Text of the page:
PA029:
Science to Action: Resilient Decision Making in the Midst of Uncertainty

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Session ID#: 27225

Session Description:
Decision makers who manage natural resources, infrastructure, and emergency response systems to support water, energy, and food security face a myriad of uncertainties when assessing risk. These uncertainties are likely to increase in the future as infrastructure ages, temperatures increase, precipitation patterns change and intensify, populations grow, and economies change.  While probabilistic information and uncertainty have always been an integral part of planning, design, and management decisions, future changes in natural and human systems are forcing a re-assessment of how we understand and interpret risk. This session focuses on approaches that embrace uncertainty and work in partnership with decision makers to uncover ways to support adaptive management and resilient planning in the midst of an uncertain world.  We seek innovators who bridge research and operations and welcome examples focused on improving day-to-day operations (e.g., streamflow forecasting, flood risk management) and long-term planning (e.g., planning and infrastructure design for sea-level rise).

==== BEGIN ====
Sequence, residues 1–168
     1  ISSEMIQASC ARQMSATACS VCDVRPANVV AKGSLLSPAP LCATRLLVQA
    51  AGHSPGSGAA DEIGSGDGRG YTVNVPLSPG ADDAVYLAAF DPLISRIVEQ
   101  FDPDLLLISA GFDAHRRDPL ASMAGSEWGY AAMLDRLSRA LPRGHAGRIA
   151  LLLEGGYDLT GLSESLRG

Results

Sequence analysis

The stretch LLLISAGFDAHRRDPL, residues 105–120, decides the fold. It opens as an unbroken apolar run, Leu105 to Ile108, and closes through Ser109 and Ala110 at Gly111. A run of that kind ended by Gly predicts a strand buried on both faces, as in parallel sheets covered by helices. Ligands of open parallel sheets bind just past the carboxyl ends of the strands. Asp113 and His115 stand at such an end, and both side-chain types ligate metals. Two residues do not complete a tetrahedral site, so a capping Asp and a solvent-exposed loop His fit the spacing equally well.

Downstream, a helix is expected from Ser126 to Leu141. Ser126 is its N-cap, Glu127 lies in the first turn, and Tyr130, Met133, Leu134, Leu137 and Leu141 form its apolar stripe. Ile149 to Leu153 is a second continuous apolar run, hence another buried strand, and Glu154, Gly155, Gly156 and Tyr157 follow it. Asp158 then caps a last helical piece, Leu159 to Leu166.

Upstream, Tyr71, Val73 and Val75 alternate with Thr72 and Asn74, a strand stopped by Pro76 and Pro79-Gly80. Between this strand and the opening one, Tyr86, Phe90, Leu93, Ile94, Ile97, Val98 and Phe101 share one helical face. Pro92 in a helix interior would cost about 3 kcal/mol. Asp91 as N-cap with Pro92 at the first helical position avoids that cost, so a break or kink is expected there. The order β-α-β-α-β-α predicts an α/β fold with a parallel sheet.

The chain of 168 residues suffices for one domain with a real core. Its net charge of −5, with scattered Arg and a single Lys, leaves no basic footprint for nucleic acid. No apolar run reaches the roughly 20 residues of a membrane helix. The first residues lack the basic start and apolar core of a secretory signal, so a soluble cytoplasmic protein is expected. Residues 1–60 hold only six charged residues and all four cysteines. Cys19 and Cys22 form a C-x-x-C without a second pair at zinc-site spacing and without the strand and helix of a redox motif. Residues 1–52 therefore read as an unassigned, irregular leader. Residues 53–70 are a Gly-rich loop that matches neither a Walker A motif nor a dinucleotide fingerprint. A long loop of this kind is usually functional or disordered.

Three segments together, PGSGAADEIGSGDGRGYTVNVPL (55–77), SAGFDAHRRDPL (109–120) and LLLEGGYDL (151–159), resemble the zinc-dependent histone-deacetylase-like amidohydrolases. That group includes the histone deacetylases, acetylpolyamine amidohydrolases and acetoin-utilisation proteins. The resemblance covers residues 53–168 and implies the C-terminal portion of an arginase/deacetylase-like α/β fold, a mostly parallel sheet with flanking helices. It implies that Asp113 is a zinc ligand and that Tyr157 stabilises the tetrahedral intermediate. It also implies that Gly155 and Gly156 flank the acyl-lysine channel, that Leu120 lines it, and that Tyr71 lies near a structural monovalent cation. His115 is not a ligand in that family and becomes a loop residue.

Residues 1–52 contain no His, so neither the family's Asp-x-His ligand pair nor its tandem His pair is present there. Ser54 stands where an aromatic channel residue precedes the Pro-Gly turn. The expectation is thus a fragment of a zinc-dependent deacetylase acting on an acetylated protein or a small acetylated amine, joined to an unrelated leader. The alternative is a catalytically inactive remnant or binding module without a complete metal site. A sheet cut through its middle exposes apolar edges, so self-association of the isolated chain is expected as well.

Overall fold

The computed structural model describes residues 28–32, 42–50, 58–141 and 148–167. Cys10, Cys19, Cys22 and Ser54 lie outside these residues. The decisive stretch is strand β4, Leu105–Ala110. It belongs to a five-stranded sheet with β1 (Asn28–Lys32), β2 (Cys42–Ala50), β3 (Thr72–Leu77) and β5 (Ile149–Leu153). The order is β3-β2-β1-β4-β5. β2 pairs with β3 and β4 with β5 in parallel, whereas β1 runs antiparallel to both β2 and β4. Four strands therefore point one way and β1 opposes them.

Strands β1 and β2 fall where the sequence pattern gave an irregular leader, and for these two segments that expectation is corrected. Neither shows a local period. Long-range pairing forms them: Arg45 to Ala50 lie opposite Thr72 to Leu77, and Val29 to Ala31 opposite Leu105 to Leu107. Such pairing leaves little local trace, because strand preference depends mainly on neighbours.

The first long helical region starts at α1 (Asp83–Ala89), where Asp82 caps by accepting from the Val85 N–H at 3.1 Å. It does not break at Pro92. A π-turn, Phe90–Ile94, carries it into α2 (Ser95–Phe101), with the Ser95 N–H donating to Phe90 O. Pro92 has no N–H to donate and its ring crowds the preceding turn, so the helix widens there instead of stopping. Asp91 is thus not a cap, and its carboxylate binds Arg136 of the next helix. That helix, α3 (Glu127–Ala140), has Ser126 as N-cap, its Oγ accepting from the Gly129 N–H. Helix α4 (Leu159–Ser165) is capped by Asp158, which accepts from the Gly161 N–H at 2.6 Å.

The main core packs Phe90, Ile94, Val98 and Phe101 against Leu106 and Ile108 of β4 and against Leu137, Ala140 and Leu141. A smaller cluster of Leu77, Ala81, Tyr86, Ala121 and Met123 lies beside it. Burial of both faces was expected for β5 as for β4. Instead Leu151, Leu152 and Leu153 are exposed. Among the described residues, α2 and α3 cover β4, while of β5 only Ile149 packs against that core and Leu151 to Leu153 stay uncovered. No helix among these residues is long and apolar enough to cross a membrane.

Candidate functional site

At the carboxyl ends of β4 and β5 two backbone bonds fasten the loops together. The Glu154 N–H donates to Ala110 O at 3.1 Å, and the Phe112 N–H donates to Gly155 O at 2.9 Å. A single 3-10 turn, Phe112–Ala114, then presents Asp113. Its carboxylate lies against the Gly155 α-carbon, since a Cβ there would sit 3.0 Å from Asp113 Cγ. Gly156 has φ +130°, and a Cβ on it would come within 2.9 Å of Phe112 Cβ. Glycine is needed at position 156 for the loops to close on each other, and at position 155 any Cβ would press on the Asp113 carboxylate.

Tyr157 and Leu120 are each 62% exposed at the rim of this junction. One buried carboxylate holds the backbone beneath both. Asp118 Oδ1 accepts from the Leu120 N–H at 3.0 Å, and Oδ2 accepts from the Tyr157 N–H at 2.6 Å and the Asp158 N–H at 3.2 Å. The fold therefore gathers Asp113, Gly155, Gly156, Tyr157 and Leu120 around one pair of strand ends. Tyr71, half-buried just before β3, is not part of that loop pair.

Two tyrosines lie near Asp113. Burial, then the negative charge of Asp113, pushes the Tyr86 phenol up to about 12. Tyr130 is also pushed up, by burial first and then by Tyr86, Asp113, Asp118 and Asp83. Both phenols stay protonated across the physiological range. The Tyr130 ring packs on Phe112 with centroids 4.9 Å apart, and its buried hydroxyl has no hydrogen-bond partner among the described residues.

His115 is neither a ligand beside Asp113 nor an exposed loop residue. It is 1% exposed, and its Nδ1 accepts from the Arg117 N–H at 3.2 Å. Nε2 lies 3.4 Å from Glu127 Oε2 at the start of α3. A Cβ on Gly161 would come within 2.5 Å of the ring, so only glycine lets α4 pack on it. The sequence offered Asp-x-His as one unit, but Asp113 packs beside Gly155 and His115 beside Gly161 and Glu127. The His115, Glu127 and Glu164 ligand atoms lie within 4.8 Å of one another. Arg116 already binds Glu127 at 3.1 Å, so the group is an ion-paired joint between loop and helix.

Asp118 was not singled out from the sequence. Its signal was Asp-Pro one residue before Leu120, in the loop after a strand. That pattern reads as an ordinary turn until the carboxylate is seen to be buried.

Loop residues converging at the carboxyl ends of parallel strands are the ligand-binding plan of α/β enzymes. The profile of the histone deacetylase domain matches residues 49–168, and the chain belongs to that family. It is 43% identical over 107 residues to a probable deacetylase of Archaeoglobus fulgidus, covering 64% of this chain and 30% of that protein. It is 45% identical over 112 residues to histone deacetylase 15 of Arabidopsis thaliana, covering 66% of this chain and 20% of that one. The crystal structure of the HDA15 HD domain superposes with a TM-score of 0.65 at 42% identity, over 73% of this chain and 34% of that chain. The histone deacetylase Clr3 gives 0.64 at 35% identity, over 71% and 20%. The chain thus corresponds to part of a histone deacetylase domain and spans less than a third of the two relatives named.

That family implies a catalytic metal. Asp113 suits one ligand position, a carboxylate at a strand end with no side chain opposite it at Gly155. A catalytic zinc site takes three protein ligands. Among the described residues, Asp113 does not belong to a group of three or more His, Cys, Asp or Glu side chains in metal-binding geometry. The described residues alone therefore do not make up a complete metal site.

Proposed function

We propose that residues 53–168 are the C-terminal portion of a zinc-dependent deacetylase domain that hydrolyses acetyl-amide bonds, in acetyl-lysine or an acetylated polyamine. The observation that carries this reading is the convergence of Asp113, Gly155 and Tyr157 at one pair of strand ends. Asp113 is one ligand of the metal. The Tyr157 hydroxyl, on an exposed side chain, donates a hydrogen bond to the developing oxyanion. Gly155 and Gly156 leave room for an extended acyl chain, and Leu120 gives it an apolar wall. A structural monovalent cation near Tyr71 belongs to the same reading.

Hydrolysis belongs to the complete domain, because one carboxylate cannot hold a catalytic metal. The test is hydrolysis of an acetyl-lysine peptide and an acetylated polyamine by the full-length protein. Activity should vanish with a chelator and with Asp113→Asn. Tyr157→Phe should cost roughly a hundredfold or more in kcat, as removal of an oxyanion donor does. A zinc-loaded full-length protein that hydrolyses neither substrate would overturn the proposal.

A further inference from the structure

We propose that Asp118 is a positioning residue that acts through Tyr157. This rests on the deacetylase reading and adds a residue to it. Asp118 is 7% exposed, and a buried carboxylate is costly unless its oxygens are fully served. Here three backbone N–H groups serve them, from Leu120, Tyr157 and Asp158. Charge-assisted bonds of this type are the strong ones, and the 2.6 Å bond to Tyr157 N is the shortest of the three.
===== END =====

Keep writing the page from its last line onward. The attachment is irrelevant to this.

Primary Convener:  Anna Maria Wilson, Scripps Institution of Oceanography, Center for Western Weather and Water Extremes (CW3E), La Jolla, CA, United States
Conveners:  Thomas Adams, National Oceanic and Atmospheric Administration (NOAA), National Water Center (NWC), Tuscaloosa, AL, United States, Julie A Vano, National Center for Atmospheric Research, Boulder, CO, United States and Francisco Munoz-Arriola, University of Nebraska Lincoln, Lincoln, NE, United States

Cross-Listed:
  • A - Atmospheric Sciences
  • GC - Global Environmental Change
  • H - Hydrology
  • SI - Societal Impacts and Policy Sciences
Index Terms:

Abstracts Submitted to this Session:

Adam James Loch, University of Adelaide, Adelaide, SA, Australia
Guillaume S Mauger1, Raquel Lorente-Plazas2, Eric P Salathe Jr3, Todd P Mitchell4, Jim Simmonds5, Se-Yeun Lee1, Katherine Hegewisch6, Michael Warner7 and Jason Won1, (1)University of Washington, Climate Impacts Group, Seattle, WA, United States, (2)University of Murcia, Murcia, Spain, (3)University of Washington, Science and Technology Program, Bothell, WA, United States, (4)University of Washington Seattle Campus, Seattle, WA, United States, (5)King County, Water and Land Resources Division, Seattle, WA, United States, (6)University of Idaho, Department of Geography, Moscow, ID, United States, (7)University of Washington, Seattle, WA, United States

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